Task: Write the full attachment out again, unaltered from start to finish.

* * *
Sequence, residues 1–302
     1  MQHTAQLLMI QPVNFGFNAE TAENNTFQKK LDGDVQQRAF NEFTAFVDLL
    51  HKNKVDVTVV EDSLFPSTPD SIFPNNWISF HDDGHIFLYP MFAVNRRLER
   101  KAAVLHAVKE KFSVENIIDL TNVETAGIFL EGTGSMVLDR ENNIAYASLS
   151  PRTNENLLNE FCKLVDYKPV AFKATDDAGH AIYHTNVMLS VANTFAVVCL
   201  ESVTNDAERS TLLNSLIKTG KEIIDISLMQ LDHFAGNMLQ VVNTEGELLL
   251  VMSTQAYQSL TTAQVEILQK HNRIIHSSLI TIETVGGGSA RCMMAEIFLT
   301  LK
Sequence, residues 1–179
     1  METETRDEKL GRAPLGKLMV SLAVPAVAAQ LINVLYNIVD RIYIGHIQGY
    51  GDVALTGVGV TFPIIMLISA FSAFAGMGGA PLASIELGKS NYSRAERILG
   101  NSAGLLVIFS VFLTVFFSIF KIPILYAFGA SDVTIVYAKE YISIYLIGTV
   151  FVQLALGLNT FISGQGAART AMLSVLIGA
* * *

Sequence, residues 1–302
     1  MQHTAQLLMI QPVNFGFNAE TAENNTFQKK LDGDVQQRAF NEFTAFVDLL
    51  HKNKVDVTVV EDSLFPSTPD SIFPNNWISF HDDGHIFLYP MFAVNRRLER
   101  KAAVLHAVKE KFSVENIIDL TNVETAGIFL EGTGSMVLDR ENNIAYASLS
   151  PRTNENLLNE FCKLVDYKPV AFKATDDAGH AIYHTNVMLS VANTFAVVCL
   201  ESVTNDAERS TLLNSLIKTG KEIIDISLMQ LDHFAGNMLQ VVNTEGELLL
   251  VMSTQAYQSL TTAQVEILQK HNRIIHSSLI TIETVGGGSA RCMMAEIFLT
   301  LK
Sequence, residues 1–179
     1  METETRDEKL GRAPLGKLMV SLAVPAVAAQ LINVLYNIVD RIYIGHIQGY
    51  GDVALTGVGV TFPIIMLISA FSAFAGMGGA PLASIELGKS NYSRAERILG
   101  NSAGLLVIFS VFLTVFFSIF KIPILYAFGA SDVTIVYAKE YISIYLIGTV
   151  FVQLALGLNT FISGQGAART AMLSVLIGA